Suspending Camp Cook Pots

Anchor

Dutch oven suspension pot.jpg

Secure the far end of a suspension pole. The anchor must be secure so that it will not release accidentally. The pivot can be adjusted according to the situation and ground conditions.

Suspension

Suspension holds the pot or a pot hook over the fire. It should have a notch for the pot handle. If a suspension pole is too close to the fire, it will burn up. A tripod is useful as a pivot when the ground is frozen or rocky.

Camp Cook Pot Suspension

Preparing Meals

A three-course meal is quite easy when camping to feed a hungry hiker. It manly consists of a soup, entree or main course followed by dessert. There are many resources on outdoor camp cooking. Keep a record of your favorite recipes, how they were cooked, length of time and how many the recipe fed for you next hammock camping adventure.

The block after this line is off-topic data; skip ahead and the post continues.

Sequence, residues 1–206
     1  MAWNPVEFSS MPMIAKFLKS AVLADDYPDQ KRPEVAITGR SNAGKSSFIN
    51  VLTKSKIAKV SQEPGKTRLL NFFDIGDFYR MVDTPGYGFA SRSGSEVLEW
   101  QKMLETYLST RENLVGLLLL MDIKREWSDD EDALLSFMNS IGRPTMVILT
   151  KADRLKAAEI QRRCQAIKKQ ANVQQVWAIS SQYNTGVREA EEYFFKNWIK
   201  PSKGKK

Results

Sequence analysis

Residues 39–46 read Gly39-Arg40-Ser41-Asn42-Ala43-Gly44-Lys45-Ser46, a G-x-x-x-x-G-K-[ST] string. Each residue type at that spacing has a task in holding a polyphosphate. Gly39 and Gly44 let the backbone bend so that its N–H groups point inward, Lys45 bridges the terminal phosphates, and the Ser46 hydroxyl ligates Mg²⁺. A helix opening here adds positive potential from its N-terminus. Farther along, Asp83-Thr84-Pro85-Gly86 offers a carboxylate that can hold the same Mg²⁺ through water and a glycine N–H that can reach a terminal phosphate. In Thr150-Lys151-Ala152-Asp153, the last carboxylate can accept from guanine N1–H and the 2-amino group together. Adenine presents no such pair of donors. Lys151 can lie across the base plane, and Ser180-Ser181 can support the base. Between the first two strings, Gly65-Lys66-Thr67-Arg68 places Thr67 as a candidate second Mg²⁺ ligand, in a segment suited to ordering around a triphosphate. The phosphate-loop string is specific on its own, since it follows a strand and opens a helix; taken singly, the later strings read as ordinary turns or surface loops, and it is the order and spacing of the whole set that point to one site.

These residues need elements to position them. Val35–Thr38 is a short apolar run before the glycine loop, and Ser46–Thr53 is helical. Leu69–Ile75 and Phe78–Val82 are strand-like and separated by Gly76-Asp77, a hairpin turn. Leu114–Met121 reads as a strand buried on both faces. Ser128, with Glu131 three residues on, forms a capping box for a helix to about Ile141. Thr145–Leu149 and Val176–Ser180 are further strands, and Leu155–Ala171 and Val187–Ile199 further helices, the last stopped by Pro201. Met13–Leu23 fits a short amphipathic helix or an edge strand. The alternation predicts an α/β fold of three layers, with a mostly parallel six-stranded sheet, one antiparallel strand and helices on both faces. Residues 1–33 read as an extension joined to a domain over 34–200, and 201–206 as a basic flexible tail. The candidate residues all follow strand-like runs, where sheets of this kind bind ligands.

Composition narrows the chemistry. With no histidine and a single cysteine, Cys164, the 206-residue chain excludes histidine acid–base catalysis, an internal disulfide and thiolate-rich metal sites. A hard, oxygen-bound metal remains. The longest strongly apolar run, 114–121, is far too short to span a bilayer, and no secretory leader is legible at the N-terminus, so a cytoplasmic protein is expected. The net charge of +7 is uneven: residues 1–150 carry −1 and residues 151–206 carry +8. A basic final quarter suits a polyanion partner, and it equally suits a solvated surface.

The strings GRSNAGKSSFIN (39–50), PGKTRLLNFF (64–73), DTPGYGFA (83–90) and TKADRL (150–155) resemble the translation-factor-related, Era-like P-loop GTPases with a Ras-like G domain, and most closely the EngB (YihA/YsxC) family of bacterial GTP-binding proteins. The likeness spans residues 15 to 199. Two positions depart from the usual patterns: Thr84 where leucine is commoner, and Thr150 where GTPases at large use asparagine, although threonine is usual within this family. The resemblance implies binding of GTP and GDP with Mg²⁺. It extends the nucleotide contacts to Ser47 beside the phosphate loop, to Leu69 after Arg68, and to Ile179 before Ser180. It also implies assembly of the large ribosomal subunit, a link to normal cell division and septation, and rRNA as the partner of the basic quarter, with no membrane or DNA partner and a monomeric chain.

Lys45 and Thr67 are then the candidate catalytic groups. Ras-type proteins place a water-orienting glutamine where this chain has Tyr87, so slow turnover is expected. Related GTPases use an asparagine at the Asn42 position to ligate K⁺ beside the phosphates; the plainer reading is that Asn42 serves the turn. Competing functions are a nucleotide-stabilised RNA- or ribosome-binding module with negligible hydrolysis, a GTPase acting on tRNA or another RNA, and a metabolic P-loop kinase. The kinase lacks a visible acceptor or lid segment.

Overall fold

What is Dutch Oven Cooking?

A Dutch Oven is a black cast iron pot with a cover, the pots come in a variety of sizes and are very heavy. These can be too heavy if you a lightweight hammock camping or backpacking.

  • 2 slices bacon, chopped into small pieces

  • 2 pounds boneless, skinless chicken breast

  • 1 packet dry mushroom soup mix

  • 4 cups diced root vegetables, potato, yam, carrot, parsnip, onion, turnip.

  • 2 cans condensed, low-sodium cream of mushroom soup

  • 1 soup can water

Spray a cold cast iron Dutch oven with cooking spray, and scatter bacon on the bottom in an even layer. Cut chicken into bite size pieces and put it in a clean bag with the soup mix. Shake to coat all the pieces. Cover the bacon layer with your marinated chicken, discard the bag and arrange your root vegetables over the chicken.